"Is the lemon yellow?"
Translation:Le citron est-il jaune ?
I missed out the second "est" (again!) Does anyone have a link that might help reinforce this rule please?
Maybe starting with this will help you: http://french.about.com/od/questions/French_Questions.htm
Yes, a little more background from that link was helpful for questions. Merci beaucoup!
Why is the simple 'est-ce citron jaune' not acceptable? Or is that too simple, like French caveman language or something?
You have a choice (alternative, so please don't mix them):
est-ce que le citron est jaune ? (standard)
le citron est-il jaune ? (formal)
le citron est jaune ? (relaxed)
Why the correct is "Le citron est-il jaune?" and not "Le citron est-ce jaune?". Why does the lemon become personal?
Personal pronouns are not different whether the noun they represent is a human being, an animal, a concrete object or a concept.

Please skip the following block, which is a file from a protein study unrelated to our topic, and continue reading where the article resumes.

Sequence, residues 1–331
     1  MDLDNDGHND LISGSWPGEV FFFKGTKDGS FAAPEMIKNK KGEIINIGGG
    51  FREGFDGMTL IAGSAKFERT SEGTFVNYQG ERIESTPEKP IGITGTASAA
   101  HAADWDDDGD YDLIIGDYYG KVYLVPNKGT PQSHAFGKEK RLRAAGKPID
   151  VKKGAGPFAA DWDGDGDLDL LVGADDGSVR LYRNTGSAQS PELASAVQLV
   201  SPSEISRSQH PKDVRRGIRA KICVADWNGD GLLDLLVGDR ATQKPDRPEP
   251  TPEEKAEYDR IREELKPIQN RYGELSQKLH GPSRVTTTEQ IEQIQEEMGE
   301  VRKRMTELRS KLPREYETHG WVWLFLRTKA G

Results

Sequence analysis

- "il" refers to any masculine noun.
- "elle" refers to any feminine noun.
"ce" is not a neutral personal pronoun, it is a demonstrative pronoun that you can use in relation to masculine or feminine nouns but in specific constructions:
- est-ce un citron jaune ? = is it a yellow lemon?
- est-ce un homme riche ? = is he a rich man?
- est-ce une femme riche ? = is she a rich woman?
Shouldn't "Est le citron jaune?" also work? That may be much more conversational, but I'm pretty sure I have heard francophones use it...
No, that is not the conversational way of asking this question. Please see above the 3 possible phrasings.
Quick question: Which of "Le citron est-il jaune" or "Est-ce que le citron est jaune" is more natural or more likely to be said by French natives?